See this trip report for some great photos and additional information. For historical purposes, here is the first descent.
This section might be difficult to catch but well worth the effort. I would go back in a heart beat. The difficulty is the logistics. The road into the takeout is steep, narrow and really overgrown. Once you start in there is little in the way of turn around spots. The recommended vehicle is a small, high clearance vehicle. Such as a jeep, Tacoma truck, etc. A vehicle such as a full size truck, suburban, etc would have difficulty.
The other hurdle is catching it when the water level is good but the snow is melted off enough to get in. We tried on April 17 and spent the better part of a day clearing logs to the takeout only to not be able to get to the put-in due to snow. After a week of warm temperatures we were successful on April 26/27. I would recommend taking a day and doing some scouting and tree clearing before calling the boys.
To determine snow, I would use the Blue Canyon (BLC2) California Cooperator Snow Sensors site - elevation 5280 feet. When it shows zero snow (i.e. April 21 on this snapshot), you should be close to be able to drive to the put-in.
As for the gauge, the North Fork Yuba above Slate Creek gauge was having a dihernal of 1500 - 2000 cfs. I think this would be fine.
Though, a better indicator is the Slate Creek - Below Diversion Dam gauge. We had right around 300 cfs.
The first part of the run is boney and rather manky. It cleans up the lower you get. The last 1/3 of the creek has some classic rapids. This run has LOTS of sieves. Always be on the lookout. While it is pretty scenery and clear water, it is spoiled by lots of miners trash all over the place.
There are lots of canyons, hence the name. No canyon is very long but each seems steep and almost impassable. There were only two portages and those were in the last couple miles. One was due to a rock falling in from a cliff and making the river impassable, and the other was a "V" notch drop with a tricky lead in. The later could have been run. The first major canyon was the hardest to scout. Send your best climber up the river right side, you will want to make sure you get eyes on the bottom narrow slot to make sure it is clear of wood. If not expect to spend an hour or two doing a difficult rope portage. The others were all scoutable to some degree at water level.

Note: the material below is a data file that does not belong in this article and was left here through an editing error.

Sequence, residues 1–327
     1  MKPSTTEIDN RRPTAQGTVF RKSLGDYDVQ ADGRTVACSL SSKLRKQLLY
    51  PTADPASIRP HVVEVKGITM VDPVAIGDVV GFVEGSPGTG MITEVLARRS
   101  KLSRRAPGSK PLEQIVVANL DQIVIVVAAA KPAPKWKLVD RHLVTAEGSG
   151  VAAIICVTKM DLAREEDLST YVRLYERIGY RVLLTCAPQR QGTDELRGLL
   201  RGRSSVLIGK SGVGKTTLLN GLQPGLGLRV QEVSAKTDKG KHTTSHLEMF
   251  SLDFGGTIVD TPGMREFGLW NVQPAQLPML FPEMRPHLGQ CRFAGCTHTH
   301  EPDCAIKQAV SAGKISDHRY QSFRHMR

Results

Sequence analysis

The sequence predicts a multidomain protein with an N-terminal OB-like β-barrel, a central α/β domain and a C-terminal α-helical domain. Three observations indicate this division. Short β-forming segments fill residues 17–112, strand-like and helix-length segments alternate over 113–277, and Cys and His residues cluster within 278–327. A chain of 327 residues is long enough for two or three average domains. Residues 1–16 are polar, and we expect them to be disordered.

There was another rapid that at the bottom had a curler rock that tossed you into the left wall. Darin got temperarily pinned but broke free, Gain ran fine. I pinned and had to swim. My boat flushed free. I think it was because my boat was longer. It ends in a big pool so swim is easy. Not sure how easy it would be to portage this drop?
We left Brownsville at 9 am and set shuttle at the top of the hill and got to the put-in and launched at 12 pm. We paddled for 6 hours and covered about 2/3 of the miles. The next day we launched at 9am and were at the confluence of the North Yuba in 3 hours. It then took about 20 minutes to get to the take-out at Slate. I then had to go up the hill to bring the vehicle down and back out shuttle. We did not get back to Brownsville till about 7pm.
Shuttle is very confusing with lots of roads that loop out then back in. The key is finding the best maintained road because it will be the fastest. The fastest is to go through Poverty Hill. If there are issues with snow, consider staying lower elevation and passing by the abandoned town of Union Hill and Scales. If you get blocked by tree/snow, there is a good chance another route will form. See these maps for optimum route information. See these maps for alternate route information. Bring a chainsaw!
Possible other higher exploratory put-in alternatives:
We found a great camp spot river right at 39.55832,-121.02634. If you want to camp early, consider river right where Sawmill creek comes in, 39.60423,-120.96078. If you want to camp later, there are some good ones as you get close to where Rock Creek comes in on river right.
Narrative copyright 2018. Contact Joseph Hatcher. This page was last updated May 8, 2018.